Cinefex Diaries – Robots and Monsters

Pacific Rim Uprising posterThe visual effects industry is a global affair, which means that I conduct most of my interviews over the phone, desperately trying to remember which time zone the person on the other end is in. As I set out to cover Pacific Rim Uprising for Cinefex 159, however, I sniffed an opportunity.

The majority of the effects work on Pacific Rim Uprising was done by Double Negative, overseen from its London office, which is not too far from my home in the UK. When I asked the company’s charming PR team if I could visit for the day and conduct my interviews face to face, they graciously agreed. They even arranged for Peter Chiang, overall production visual effects supervisor on the show, to be there too.

As interview experiences go, it certainly beat sitting on the phone. I spent a delightful couple of hours with Peter Chiang and Double Negative visual effects supervisor Pete Bebb, sitting in a darkened screening room and discussing shot after shot as they played on the big screen. Next, I grilled a steady flow of artists and supervisors, discussing everything from city building and creature rigging to compositing and concept design. I covered a lot of ground. I was punch-drunk by the end, my brain filled up with everything I needed to know about how this talented team brought their remarkable images to the screen.

Well, not quite everything. I followed up my visit with the inevitable round of telephone interviews, catching up with those people I’d missed. One highlight was an entertaining Skype call with Double Negative animation director Aaron Gilman. In keeping with his role, Aaron was highly animated, and spent nearly as much time physically demonstrating his ideas for Jaeger and Kaiju movement as he did talking about them!

I also spoke with visual effects supervisors at the other companies working on the film – Atomic Fiction, Territory Studio and BLIND Ltd, plus previs specialists The Third Floor, Halon and Day for Nite. Production designer Stefan Dechant gave me a dazzling overview of the film’s design, and special effects supervisor Dan Oliver delivered nuts-and-bolts breakdowns of the extraordinary physical rigs that he and his team built. Rounding out the practical picture, I learned all about specialty costumes and props from Legacy Effects, Weta Workshop and Odd Studio.

Putting the icing on the cake, my final telephone interview was with the director of Pacific Rim Uprising, Steven S. DeKnight, who talked to me about his fondness for Guillermo del Toro’s original film, and the creative approach he took with the sequel. He even made a point of telling me he was a fan of Cinefex!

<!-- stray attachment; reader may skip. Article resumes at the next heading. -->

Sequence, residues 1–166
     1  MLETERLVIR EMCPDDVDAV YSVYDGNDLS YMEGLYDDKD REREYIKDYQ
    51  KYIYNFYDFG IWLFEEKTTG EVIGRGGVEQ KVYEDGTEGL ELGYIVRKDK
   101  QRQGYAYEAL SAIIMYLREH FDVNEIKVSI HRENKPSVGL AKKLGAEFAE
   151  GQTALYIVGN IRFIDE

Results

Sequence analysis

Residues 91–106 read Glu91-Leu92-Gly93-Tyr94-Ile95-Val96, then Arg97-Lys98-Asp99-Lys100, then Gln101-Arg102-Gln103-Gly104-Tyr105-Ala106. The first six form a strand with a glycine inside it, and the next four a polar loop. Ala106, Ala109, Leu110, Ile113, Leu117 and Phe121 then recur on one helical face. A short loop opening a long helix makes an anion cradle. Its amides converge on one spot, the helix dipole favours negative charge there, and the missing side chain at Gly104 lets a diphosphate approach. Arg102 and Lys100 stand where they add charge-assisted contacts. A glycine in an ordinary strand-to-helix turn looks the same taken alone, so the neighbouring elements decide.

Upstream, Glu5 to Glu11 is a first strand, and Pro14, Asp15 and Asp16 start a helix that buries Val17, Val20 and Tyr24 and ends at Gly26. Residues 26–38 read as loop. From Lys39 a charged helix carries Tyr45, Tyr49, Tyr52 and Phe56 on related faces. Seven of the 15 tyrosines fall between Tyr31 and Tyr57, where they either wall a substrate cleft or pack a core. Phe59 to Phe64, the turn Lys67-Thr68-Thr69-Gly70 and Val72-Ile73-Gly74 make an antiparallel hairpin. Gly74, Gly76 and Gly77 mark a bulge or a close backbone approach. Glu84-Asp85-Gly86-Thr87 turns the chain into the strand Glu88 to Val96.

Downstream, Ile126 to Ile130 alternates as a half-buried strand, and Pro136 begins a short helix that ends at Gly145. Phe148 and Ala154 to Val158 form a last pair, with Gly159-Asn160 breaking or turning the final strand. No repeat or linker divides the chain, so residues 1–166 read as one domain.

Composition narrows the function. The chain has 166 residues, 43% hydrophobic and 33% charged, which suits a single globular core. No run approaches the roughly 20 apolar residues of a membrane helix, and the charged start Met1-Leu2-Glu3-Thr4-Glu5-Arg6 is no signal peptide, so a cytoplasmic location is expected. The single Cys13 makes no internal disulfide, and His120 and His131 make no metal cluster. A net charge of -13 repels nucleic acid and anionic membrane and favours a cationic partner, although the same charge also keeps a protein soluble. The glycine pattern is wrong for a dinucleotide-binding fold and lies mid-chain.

Cinefex 159 contents

You can read my article on Pacific Rim Uprising in Cinefex 159, which also contains in-depth articles on Avengers: Infinity War, Ready Player One and Annihilation. It’s out in June and available to preorder now.

In the meantime, you’ll want to get your teeth into our brand new April edition, a special tribute issue celebrating the 10-year anniversary of Marvel Studios. More about that very soon!

Cinefex Diaries – Soup to Nuts


At Cinefex, we often use the term ‘soup to nuts’ to describe the way we cover motion picture visual effects. I must confess that, as a Brit, I hadn’t come across this term until I started working for the magazine. If you’re not familiar with it either, I can tell you it’s a dining metaphor that simply means ‘from start to finish.’

What does this mean for a Cinefex writer? Well, the main course of any Cinefex article is an in-depth analysis on a film’s visual and practical effects, but no meal is complete without entrée and dessert … wait, like I said, I’m a Brit, so let’s make that a tasty starter and great big dish of hot steamed pudding! While we’re at it, let’s throw in a little apéritif, and why not round things off with a sweet liqueur coffee?

You get the picture. While we love digging deep into all the creativity and technical innovation that goes into making movie magic, we’re also big on context. We don’t just want to learn how visual effects professionals do what they do – want to know why.

The why can come from many quarters. Frequently it comes from the production visual effects supervisors, who have the overview of a project. It can also come from the individual artists, who are usually smart cookies and as keen to understand the context of their work as we are.

In seeking the why, we’ll often seek interviews beyond the world of effects. In particular, we always try to speak to the director. That’s not always easy, but we hit more than we miss – out of my last 10 articles, I lost out on only three.

I don’t need to spell out the reasons why speaking with the director helps us to get that all-important context. These are the people steering the ship. If anybody know the why, it’s them, right? Oh, and here’s another confession – I get a buzz every time I secure a director interview. Why wouldn’t I? Over the past year, I got to chinwag with Guillermo del Toro about The Shape of Water and Luc Besson about Valerian and the City of a Thousand Planets. Most recently, Disney hooked me up with Ryan Coogler to discuss Black Panther. Seriously, what’s not to like?